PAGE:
Adding greater uncertainty is the duplicitous intent behind the move to replace the authenticity of individuals, groups, and organisations with the subjective imagery and attendant deception of brand. Just as occurs with the promotion of products and services, fake personas substitute for the original in a premeditated plot to instil bogus impressions in the minds of unwary observers. Marketers refer to this tactic as personality branding and claim it is an acceptable tool for promoting desirable strengths and attributes. This stance of course is fine so long as the claims are genuine. Otherwise, the image portrays lies and deception. Once this line is crossed, the brand denotes the separation of all that is real about the individual and the image presented in his or her place.

The path from soul to individual to brand is a bleak example of the dramatic decline in what it means to be a human being. What we now witness is the disastrous alignment of Marxist debilitated versions of social, historical, technological, educational, and intellectual forces against time tested Christian values and beliefs. In readiness to take its place, is an undeclared religion, a revived socialist engendered atheism that is gradually and surely gaining control by adopting the same distorted persona tactics widely used today by countless individuals, groups, and organisations, including the churches. In this disturbing world, image is paramount, not the truth.

Western society without Christian principles leads to a radically different culture in which its citizens observe values and beliefs that bear no resemblance to anything acceptable in the past. When Christian values disappear, the culture follows, and thereafter the Western world. The consequences are severe and unimaginable.

The Consequences

By casting aside all religious connotations, including the notion of a just and moral God, it is difficult to identify an alternate source from which to define even the most basic of concepts such as good and evil. Even if there is no god, the broad acceptance of a higher power at least encourages society to reach consensus on principles and ideals that serve to define its laws and shape the standards by which it functions. Otherwise, how is it possible to know why Marx’s theory of socialism is wrong, or why Communism and Nazism are evil? Imagine what would transpire should the West accept that Communism and Nazism equates with good. Such examples are obvious to many. However, evil is not always readily recognisable.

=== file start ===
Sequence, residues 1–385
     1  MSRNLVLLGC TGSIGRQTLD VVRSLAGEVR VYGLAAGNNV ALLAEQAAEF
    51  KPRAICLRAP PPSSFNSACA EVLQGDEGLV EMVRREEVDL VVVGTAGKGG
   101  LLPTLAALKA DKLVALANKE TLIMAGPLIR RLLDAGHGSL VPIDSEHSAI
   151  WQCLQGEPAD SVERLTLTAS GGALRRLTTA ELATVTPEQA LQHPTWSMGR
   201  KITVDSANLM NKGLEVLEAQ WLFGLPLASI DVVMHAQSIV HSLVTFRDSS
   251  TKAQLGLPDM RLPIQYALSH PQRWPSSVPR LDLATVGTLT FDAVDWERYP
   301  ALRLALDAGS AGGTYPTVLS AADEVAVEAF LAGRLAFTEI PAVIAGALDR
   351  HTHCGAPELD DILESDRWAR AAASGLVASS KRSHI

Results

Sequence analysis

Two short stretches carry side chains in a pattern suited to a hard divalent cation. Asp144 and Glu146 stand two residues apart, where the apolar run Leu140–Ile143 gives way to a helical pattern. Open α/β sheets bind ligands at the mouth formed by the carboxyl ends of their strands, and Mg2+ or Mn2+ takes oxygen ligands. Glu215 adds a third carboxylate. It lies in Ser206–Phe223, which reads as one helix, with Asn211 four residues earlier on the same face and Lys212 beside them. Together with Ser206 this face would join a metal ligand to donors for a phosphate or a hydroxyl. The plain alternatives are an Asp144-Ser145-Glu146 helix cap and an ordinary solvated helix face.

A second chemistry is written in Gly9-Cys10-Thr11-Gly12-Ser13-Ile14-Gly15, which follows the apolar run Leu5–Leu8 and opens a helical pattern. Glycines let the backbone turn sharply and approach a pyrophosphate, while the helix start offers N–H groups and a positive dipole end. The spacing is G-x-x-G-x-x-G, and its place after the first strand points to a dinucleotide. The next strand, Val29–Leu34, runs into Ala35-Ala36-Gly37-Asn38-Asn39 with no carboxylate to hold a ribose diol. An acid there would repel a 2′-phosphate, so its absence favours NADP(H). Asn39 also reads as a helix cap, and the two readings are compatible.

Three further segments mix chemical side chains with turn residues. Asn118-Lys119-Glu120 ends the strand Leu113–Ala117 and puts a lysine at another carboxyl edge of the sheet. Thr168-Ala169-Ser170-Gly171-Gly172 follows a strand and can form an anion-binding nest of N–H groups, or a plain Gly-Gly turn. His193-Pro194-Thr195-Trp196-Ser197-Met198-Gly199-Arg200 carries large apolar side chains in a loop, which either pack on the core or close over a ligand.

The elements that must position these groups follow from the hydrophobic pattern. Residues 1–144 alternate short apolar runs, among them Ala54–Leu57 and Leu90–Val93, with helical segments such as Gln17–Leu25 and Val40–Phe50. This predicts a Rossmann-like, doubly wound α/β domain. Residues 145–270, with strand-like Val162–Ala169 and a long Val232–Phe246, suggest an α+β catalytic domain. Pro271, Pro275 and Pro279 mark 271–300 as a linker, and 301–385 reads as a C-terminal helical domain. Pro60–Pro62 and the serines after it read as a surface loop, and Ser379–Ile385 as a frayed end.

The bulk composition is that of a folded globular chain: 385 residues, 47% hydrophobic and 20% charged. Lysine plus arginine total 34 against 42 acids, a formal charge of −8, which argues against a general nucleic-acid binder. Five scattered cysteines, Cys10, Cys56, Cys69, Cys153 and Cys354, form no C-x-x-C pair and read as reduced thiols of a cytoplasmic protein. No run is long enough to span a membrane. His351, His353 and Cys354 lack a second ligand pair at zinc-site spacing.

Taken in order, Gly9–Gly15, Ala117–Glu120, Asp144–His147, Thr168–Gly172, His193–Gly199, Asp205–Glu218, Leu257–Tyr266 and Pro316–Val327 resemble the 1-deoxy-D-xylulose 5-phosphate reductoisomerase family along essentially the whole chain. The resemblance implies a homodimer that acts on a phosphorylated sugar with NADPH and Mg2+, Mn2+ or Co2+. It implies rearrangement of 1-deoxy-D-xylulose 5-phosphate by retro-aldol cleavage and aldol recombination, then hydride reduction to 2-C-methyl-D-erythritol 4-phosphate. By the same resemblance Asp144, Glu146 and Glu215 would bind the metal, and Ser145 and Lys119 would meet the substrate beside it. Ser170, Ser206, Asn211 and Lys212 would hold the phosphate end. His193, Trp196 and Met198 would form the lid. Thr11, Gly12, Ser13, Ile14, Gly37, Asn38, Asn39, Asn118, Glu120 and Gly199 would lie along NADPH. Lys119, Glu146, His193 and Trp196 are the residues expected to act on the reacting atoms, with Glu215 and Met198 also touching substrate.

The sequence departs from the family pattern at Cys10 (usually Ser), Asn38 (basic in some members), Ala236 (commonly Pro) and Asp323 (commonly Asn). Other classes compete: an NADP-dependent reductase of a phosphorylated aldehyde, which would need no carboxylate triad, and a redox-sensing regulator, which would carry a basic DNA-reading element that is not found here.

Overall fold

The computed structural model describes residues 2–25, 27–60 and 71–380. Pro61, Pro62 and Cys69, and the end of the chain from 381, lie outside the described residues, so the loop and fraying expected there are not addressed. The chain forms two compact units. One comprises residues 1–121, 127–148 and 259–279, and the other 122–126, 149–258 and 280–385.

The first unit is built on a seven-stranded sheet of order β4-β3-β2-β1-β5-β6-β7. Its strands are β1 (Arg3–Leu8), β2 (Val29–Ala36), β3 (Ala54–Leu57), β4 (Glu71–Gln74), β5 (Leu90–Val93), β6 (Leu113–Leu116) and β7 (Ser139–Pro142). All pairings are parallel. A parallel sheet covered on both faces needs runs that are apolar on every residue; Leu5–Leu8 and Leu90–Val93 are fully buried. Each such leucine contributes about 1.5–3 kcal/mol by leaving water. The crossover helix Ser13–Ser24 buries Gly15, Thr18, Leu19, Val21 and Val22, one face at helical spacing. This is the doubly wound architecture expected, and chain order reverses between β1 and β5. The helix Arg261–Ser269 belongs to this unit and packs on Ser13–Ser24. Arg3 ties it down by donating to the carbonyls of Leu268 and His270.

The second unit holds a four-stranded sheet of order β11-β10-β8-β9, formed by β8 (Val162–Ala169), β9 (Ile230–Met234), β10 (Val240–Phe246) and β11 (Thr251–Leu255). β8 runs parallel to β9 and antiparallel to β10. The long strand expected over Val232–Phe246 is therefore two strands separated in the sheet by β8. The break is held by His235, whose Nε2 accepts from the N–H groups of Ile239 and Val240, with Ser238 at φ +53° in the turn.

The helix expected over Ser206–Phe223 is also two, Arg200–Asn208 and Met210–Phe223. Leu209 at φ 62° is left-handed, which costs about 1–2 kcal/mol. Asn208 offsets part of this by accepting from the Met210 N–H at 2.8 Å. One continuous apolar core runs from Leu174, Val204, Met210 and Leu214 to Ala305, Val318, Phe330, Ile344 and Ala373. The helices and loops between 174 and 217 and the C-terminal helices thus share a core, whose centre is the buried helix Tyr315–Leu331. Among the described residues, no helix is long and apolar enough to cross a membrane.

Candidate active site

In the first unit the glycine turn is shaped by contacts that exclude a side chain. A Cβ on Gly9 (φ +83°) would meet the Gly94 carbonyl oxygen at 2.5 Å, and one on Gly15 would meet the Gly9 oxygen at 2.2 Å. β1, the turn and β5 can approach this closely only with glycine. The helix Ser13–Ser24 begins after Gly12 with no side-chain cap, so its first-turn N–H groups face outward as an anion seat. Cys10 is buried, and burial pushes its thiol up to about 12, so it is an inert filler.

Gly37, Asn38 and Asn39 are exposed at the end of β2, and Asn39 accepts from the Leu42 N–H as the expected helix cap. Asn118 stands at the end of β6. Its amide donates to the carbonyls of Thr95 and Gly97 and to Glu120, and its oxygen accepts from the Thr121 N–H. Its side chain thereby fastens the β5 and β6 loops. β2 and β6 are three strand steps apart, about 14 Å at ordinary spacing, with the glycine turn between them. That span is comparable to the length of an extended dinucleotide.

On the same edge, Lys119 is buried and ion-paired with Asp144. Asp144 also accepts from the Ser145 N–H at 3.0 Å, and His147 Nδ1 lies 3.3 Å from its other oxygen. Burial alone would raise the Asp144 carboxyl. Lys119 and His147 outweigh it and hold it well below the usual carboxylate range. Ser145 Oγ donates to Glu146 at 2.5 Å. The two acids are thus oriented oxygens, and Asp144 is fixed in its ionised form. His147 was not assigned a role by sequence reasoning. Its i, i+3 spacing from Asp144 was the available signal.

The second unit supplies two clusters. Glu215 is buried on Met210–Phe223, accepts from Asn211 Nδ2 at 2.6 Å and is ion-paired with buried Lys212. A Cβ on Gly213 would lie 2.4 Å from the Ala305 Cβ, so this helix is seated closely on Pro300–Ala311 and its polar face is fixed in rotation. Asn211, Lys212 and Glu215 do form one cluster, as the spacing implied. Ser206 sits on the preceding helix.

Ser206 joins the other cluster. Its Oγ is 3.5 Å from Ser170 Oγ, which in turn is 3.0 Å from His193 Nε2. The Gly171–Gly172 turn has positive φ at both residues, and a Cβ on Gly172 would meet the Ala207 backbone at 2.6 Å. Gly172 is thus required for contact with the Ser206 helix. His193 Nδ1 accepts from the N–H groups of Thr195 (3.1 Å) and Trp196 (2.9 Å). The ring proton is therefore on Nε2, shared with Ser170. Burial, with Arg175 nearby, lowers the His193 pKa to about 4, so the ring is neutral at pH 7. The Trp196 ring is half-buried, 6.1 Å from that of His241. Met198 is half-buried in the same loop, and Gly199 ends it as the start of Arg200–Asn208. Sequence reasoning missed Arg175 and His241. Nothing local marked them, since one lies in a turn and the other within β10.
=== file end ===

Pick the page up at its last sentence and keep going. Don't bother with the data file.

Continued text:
The absence of a universally recognised moral baseline inevitably leads to the blind adulation of power. In a society where no boundaries are established, nothing constrains such ambitions. Consider how politicians and corporations heartlessly exploit the interests and perspectives of individuals and social groups as a means to gain greater control, wealth, and power. This reversed interpretation of identity politics has given license to the merciless exploitation of the vulnerabilities and weaknesses of groups as diverse as religion, race, class, culture, disability, education, language, nationality, gender, sexual orientation, generation, and politics. The sole intent is to seek advantage, not resolution. Sensitive social issues such as victimhood, race, gender, sexuality, environment, and class have become the target of an unbridled pursuit of self-interest, which in turn, is pushing aside basic Christian principles.